Last year my partner and I decided to make barbarian costumes. We figured we could use them for Halloween as well as a themed dinner coming up, and it was a fine excuse to teach ourselves how to make armor out of foam and for me to learn how to make chainmaille. It’s a lot
Last year my partner and I decided to make barbarian costumes. We figured we could use them for Halloween as well as a themed dinner coming up, and it was a fine excuse to teach ourselves how to make armor out of foam and for me to learn how to make chainmaille.
It’s a lot like knitting, in that you manipulate a thin object with two longer tools, except in this case you have two pliers and a metal jump ring instead of needles and yarn. Chainmaille can be used to make more than armor: earrings, necklaces, scarves, even clothing is available, and in a multitude of colors and materials. I’ve found jump rings in every type of metal as well as rubber and glass. People make fantastically elaborate 3D shapes out of these little metal hoops, but I was starting out with something a little more practical.
After we determined that an actual chainmaille shirt was a) totally not happening in the amount of time we had and b) surprisingly heavy in real life and probably not all that comfy, I decided to make a couple of accents to hang off of my partner’s armor.
There are different patterns you can make with the rings, and I decided to go with a weave called a European 4 in 1.
To make this pattern, you open one jump ring and slide four closed ones onto it. Spread it out, and it looks a little bit like a flower. Then to make the next bit, you slide two closed rings onto an open one, then slide two of the ones from the previous 4 in 1 onto it as well. Now you have a total of eight rings and the beginning of a nice little row.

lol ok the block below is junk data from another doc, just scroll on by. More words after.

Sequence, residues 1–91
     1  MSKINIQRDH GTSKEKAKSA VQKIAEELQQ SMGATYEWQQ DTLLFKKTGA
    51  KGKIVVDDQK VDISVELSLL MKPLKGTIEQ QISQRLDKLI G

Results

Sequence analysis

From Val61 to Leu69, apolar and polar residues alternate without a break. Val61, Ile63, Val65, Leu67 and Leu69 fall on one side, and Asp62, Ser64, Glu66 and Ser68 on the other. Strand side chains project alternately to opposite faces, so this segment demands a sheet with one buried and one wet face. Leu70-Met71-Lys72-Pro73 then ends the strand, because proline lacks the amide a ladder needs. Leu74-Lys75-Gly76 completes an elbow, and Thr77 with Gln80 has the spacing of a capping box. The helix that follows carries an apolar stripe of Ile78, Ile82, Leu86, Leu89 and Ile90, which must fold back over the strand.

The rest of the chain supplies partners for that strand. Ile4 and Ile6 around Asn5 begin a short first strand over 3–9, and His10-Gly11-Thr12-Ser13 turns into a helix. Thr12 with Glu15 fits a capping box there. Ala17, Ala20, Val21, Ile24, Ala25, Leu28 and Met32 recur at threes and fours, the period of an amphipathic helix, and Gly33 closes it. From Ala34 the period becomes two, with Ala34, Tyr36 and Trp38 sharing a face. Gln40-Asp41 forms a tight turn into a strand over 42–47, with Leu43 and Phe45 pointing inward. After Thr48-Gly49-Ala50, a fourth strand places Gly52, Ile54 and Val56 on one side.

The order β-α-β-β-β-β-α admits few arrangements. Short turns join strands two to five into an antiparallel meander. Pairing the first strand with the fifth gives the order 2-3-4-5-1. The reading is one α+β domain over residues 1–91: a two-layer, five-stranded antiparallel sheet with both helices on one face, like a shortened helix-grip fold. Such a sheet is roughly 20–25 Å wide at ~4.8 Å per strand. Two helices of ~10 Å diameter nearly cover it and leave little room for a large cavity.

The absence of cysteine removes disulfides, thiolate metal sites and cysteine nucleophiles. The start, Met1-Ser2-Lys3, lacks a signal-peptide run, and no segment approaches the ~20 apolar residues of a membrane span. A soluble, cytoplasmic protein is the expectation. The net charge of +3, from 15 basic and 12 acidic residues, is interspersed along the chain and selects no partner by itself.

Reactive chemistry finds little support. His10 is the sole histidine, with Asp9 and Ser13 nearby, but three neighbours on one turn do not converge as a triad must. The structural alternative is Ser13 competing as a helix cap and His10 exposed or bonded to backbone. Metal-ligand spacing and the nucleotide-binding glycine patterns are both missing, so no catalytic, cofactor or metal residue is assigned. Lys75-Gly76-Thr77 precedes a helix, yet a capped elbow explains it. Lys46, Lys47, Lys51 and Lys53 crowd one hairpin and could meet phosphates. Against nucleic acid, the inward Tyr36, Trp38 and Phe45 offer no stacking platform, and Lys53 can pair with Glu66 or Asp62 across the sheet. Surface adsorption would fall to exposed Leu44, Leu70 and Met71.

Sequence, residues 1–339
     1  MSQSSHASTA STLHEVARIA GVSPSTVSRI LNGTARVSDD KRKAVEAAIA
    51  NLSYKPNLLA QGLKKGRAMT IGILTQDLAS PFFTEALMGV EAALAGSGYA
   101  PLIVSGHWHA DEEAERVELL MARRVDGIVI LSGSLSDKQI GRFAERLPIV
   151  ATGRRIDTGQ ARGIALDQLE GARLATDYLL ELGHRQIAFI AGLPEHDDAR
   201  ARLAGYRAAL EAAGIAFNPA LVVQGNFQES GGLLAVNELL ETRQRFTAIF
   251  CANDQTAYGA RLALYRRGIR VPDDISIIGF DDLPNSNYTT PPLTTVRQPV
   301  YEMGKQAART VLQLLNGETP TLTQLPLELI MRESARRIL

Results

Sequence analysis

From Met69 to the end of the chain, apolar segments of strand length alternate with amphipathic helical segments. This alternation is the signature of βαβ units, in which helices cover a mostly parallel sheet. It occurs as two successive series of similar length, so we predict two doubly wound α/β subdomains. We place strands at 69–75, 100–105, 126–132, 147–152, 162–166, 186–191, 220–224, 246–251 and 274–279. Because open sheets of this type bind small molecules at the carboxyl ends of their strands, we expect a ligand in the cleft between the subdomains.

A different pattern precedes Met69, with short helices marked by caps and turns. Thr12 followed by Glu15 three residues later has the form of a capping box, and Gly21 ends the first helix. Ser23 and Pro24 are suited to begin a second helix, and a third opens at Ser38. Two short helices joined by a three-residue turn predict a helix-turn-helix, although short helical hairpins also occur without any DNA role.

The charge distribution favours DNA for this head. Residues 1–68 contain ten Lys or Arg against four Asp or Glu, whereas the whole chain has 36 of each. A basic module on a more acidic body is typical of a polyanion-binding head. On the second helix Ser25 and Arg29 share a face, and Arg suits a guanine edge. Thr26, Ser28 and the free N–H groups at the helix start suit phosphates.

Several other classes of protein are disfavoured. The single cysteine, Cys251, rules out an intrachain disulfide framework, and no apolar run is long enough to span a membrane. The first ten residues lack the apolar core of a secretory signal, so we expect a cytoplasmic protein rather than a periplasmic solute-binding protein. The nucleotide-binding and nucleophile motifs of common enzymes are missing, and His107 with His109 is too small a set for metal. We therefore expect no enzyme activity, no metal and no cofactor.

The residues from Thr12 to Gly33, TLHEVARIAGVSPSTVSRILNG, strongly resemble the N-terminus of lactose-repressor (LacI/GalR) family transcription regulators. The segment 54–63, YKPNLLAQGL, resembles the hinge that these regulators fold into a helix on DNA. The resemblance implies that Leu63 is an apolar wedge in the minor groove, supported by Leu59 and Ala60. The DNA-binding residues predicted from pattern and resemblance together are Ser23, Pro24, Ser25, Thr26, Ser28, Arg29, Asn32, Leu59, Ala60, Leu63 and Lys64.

Now, continue for what feels like forever, until you finally get something like this:
I’m a slow knitter, so it figures I’d be slow at this as well. I also bought a kit to make a bracelet for myself, and I haven’t finished it yet, as it’s a lot more complicated. Chainmaille has a satisfying weight to it than my knitting lacks, plus it does give my costumes a badass flair. The sound of it clinking together and that weight reminds you that you’re wearing metal, little bits of armor that were meant to protect someone from arrows and swords, and you wove this with your own two hands.
So if you want to do your own chainmaille, start small, maybe a kit for earrings or the like, and flaunt your inner shield maiden around the office. It can be your own kind of stealth cosplay. As soon as I finish my bracelet, it will certainly be a go-to accessory for nights out on the town.4 comments